When I recently saw this picture it really touched my heart. The back story is that when my youngest daughter was 2, there was a few days where she would walk around the house and say, “My face is dark, and no one likes me.” I realized that someone in school had said this to her. We addressed the issue calmly (even though there were moments I thought I might lose it!)
The entire experience allowed me to heal with her. All my life I have been told I was dark, I was skinny, I was a just a girl. The worst part was that it was by other dark, skinny, Indians! Joking aside, it completely affected my self-confidence, self-compassion and self-love. If I lacked all that in myself, I definitely didn’t have the compassion and love to give anyone else. The worst thing a person can do is define someone by anything other than their soul and spirit.
I am called to share this story, because the topic keeps following me. I went to dinner with my girls and my cousin sister. Our waiter came to take our order and as he turned to walk away, my 3 year old daughter says, “ Mommy, why is his face black?” My immediate reaction was OMG! Thank God he didn’t hear! Then I looked at her innocent big brown eyes as she waited for an answer, and realized the beauty of this child.
I am grateful that she is wondering this, because it means that in her heart, mind, body, soul she believes we are all one, but we just look a little different. I heard a recent quote: “souls recognize each other by the way they feel not the way they look.” (Anonymous)
We are all souls, who are on a journey; a journey of growth and fulfillment. There is no judgment in that, there is no color, or creed, or sex in that. Just beautiful light knowing this body is the vehicle to get the lessons we need and make whatever changes we can in the world.
We are all still individuals, and no one person is alike. If I look at my own daughters, they are as different as night and day, from their looks, to their thoughts, to their likes and dislikes. If they can be so different having come from the same genetic make up, I know that stereotyping people based on religion, or race, or sex is absurd. Forget what you’ve been taught in the past, you get to make your own choices in the present.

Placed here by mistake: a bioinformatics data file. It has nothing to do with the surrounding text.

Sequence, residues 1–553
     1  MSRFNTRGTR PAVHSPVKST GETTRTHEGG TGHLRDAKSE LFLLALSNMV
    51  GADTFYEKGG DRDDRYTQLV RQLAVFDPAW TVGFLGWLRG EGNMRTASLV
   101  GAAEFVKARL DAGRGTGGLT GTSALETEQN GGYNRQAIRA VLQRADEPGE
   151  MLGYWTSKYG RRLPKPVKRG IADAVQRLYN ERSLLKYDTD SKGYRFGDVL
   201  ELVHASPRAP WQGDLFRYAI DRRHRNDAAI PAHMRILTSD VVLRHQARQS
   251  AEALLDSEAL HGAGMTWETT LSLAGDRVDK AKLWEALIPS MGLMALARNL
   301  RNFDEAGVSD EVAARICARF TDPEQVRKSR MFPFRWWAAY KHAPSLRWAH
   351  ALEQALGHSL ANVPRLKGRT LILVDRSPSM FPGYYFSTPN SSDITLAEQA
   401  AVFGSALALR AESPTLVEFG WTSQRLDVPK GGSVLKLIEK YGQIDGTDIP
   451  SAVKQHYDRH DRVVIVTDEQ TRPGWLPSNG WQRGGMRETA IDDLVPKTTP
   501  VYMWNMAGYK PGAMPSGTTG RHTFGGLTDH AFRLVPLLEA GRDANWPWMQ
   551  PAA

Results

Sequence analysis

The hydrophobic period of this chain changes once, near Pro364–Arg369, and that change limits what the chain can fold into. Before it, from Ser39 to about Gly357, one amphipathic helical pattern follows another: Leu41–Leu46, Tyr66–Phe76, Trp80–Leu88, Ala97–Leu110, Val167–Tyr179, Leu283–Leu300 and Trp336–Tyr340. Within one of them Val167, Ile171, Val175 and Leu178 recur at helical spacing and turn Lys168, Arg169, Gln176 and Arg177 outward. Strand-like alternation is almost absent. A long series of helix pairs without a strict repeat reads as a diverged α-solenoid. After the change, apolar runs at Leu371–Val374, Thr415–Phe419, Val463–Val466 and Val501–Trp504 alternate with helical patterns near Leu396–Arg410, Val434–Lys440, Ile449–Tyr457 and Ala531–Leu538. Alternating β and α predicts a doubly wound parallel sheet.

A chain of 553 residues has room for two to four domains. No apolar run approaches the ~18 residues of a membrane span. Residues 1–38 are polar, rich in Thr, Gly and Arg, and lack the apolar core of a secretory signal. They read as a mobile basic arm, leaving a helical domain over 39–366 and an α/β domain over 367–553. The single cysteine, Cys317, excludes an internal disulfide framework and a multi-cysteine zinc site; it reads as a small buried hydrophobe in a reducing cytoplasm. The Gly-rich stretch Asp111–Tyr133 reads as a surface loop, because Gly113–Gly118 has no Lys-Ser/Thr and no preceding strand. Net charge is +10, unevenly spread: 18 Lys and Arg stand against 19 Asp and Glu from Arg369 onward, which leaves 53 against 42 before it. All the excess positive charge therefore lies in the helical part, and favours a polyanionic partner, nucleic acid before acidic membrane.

The reason I really wanted to share this experience is also because so many mothers, like myself, want to be like “uh check please,” and get out of there. I got embarrassed and started to question my mothering skills. Instead we can share these stories and realize that we should be patting each other on the back. We can look at our innocent toddlers and realize we have encouraged this beauty of oneness, curiosity and truth. The next time my daughter tells the hairdresser she doesn’t like her haircut, I can shrug my shoulders and think well atleast she’s honest. I know if I keep guiding her openness and love, she will be able to honor others and use words that heal people without compromising her own truth.
The lessons she reminded me of were so much greater than any response I could have given her. For what its worth, I told to her we all look different to make the world interesting. Where’s the fun in looking the same as everyone else. (She’s 3 and everything revolves around dress up and being fabulous.)
“No one is born hating another person because of the color of his skin, or his background, or his religion. People must learn to hate, and if they can learn to hate, they can learn to love, for love comes more naturally to the human heart than the opposite.”—Nelson Mendela
Photo Credit: http://weheartit.com/entry/105315826